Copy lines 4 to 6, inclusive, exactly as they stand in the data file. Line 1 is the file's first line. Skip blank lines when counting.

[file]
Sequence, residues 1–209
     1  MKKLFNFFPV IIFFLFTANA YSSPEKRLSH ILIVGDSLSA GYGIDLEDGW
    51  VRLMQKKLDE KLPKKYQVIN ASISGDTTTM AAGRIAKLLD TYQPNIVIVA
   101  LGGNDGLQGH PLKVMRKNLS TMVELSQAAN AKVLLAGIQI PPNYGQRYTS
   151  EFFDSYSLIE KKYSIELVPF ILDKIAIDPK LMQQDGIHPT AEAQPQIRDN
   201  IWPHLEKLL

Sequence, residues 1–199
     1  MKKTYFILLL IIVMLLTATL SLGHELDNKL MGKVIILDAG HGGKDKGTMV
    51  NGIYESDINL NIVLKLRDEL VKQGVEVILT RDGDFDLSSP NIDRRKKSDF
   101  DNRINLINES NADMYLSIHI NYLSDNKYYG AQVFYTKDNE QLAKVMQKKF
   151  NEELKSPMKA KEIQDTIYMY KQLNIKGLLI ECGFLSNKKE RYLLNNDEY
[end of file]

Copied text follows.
   101  LGGNDGLQGH PLKVMRKNLS TMVELSQAAN AKVLLAGIQI PPNYGQRYTS
   151  EFFDSYSLIE KKYSIELVPF ILDKIAIDPK LMQQDGIHPT AEAQPQIRDN
   201  IWPHLEKLL